Thursday, August 04, 2022

Estimated 98 million Americans skipped treatments, cut back on food, gas or utilities to pay for healthcare


 News Release 4-Aug-2022
New West Health-Gallup poll finds 38% of Americans making tradeoffs as inflation hits non-healthcare expenses
Reports and Proceedings
West Health Institute


WASHINGTON, D.C. — Aug. 4, 2022 — Higher healthcare prices drove 38% of American adults – representing an estimated 98 million people – to either delay or skip treatment, cut back on driving, utilities, and food, or borrow money to pay medical bills in the last six months, according to a new survey conducted by West Health and Gallup. The survey was conducted in June 2022, the same month inflation reached 9.1%, a new 40-year high.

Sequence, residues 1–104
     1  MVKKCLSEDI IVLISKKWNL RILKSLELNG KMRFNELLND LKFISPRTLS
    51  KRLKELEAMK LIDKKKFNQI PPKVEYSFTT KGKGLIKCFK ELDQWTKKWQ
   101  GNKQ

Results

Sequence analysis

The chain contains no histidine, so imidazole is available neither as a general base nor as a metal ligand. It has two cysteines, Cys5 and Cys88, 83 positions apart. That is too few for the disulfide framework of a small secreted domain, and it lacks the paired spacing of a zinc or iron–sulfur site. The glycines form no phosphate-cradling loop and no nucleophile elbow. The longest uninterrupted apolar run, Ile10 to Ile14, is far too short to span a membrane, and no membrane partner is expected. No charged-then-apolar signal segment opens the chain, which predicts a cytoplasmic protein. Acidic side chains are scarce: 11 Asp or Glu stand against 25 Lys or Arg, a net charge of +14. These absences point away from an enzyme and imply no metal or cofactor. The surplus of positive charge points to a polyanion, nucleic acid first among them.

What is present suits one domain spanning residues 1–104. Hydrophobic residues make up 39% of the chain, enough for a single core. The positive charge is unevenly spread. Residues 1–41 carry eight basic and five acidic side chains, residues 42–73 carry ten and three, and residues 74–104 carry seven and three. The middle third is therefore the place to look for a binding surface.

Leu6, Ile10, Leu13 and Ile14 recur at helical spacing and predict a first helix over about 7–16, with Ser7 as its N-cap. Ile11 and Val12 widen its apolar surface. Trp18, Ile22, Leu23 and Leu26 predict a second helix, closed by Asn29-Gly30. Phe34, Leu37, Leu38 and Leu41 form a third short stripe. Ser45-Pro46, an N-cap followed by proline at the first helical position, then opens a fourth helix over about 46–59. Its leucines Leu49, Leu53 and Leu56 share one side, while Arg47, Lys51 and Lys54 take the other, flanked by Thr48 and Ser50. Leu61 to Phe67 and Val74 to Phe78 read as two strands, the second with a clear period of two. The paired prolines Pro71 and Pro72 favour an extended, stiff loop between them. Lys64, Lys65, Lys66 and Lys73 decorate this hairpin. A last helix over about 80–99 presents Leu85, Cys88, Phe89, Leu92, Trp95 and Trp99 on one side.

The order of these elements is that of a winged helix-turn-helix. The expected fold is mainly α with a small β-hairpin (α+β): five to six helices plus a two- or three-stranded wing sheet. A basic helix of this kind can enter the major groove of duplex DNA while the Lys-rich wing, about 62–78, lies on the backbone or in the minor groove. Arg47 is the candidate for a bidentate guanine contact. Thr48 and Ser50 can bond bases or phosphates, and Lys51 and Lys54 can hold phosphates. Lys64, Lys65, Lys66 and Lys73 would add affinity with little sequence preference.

The percentage of people making these kinds of tradeoffs was higher in lower-income households, but higher earners were not immune. While more than half of households earning less than $48,000 a year made spending cuts, nearly 20% of households earning more than $180,000 a year were forced to cut back too. Women under the age of 50 also cut back on medical care and medicine at higher rates than their male counterparts (36% to 27%, respectively) and much higher than men generally (22%).

“People have been making tradeoffs to pay for healthcare for years. Inflation has only made things worse



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